Beaches, parks busy as Europe heat wave and U.S. spring test new coronavirus rules

Mary

By Lisa Shumaker

(Reuters) – Summer weather is enticing much of the world to emerge from coronavirus lockdowns as centers of the outbreak from New York to Italy and Spain gradually lift restrictions that have kept millions indoors for months.

People are streaming back to beaches, parks and streets just as a heat wave hits southern Europe and spring-like temperatures allow Americans to shed winter coats. As they venture out again, most are keeping their distance and some are wearing masks. However, protests are also heating up from Germany to England to the United States, arguing the government restrictions demolish personal liberties and are wrecking economies.

Greeks flocked to the seaside on Saturday when more than 500 beaches reopened, coinciding with temperatures of 34 Celsius (93 Fahrenheit).

Umbrella poles had to be 4 meters (13 ft) apart, with canopies no closer than 1 meter as the country sought to walk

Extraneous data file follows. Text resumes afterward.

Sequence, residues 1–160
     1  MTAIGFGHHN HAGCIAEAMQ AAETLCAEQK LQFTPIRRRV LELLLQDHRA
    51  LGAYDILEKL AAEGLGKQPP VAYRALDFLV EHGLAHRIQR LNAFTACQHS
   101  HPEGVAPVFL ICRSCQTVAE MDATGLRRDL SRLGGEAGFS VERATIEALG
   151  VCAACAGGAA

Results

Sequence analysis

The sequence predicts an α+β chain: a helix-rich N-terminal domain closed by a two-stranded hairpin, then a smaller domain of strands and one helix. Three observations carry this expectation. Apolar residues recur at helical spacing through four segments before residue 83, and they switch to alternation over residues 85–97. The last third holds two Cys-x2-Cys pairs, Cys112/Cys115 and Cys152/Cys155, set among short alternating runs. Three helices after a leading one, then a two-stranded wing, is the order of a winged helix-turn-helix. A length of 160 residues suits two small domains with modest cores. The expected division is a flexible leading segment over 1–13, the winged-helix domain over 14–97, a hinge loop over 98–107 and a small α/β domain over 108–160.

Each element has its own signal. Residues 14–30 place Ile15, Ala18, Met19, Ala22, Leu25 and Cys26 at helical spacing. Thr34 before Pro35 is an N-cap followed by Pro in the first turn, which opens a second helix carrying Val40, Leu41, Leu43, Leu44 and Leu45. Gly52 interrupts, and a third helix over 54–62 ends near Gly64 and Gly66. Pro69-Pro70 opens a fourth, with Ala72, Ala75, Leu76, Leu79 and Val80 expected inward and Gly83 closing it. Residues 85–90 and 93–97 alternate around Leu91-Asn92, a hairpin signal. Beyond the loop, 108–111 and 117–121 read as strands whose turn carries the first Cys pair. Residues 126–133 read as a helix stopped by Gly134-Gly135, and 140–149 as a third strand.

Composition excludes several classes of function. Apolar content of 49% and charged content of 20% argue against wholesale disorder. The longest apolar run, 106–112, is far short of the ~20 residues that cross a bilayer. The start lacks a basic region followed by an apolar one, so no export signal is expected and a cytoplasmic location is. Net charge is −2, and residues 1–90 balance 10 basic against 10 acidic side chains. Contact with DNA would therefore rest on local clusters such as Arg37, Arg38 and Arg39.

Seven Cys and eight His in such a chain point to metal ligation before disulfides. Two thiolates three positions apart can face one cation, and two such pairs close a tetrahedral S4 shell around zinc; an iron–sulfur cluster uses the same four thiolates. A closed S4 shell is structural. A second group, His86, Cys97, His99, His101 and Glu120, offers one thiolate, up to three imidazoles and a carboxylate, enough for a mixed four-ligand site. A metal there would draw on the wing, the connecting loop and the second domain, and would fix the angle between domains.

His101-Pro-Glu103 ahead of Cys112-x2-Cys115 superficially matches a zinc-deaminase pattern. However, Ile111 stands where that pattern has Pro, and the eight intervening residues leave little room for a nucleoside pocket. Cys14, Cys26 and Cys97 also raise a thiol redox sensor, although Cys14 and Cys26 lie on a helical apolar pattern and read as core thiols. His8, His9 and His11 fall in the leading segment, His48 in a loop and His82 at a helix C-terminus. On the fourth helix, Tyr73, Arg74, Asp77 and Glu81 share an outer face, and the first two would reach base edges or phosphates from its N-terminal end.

A State-by-State Guide to When Beauty Supply Stores Will Reopen After the Coronavirus

Mary
Professional makeup brushes set and tools.
Professional makeup brushes set and tools.

Just a few months after the novel coronavirus (COVID-19) brought everyday life to a halt, dozens of states are introducing plans to reopen their economies. That includes reopening certain businesses like nail salons, hair salons, and beauty retailers that were forced to temporarily close their doors back in March in order to slow the spread of the virus.

The state of certain nonessential retailers is largely dependent on where they are located, and while many are still grappling with having limited access to hairstylists and other beauty professionals, the question still remains on where beauty supply stores fall into the equation. Ahead, we’ve compiled a state-by-state breakdown of when you can expect these retail stores to open their doors again as stay-at-home orders slowly begin to lift around the country.

Alabama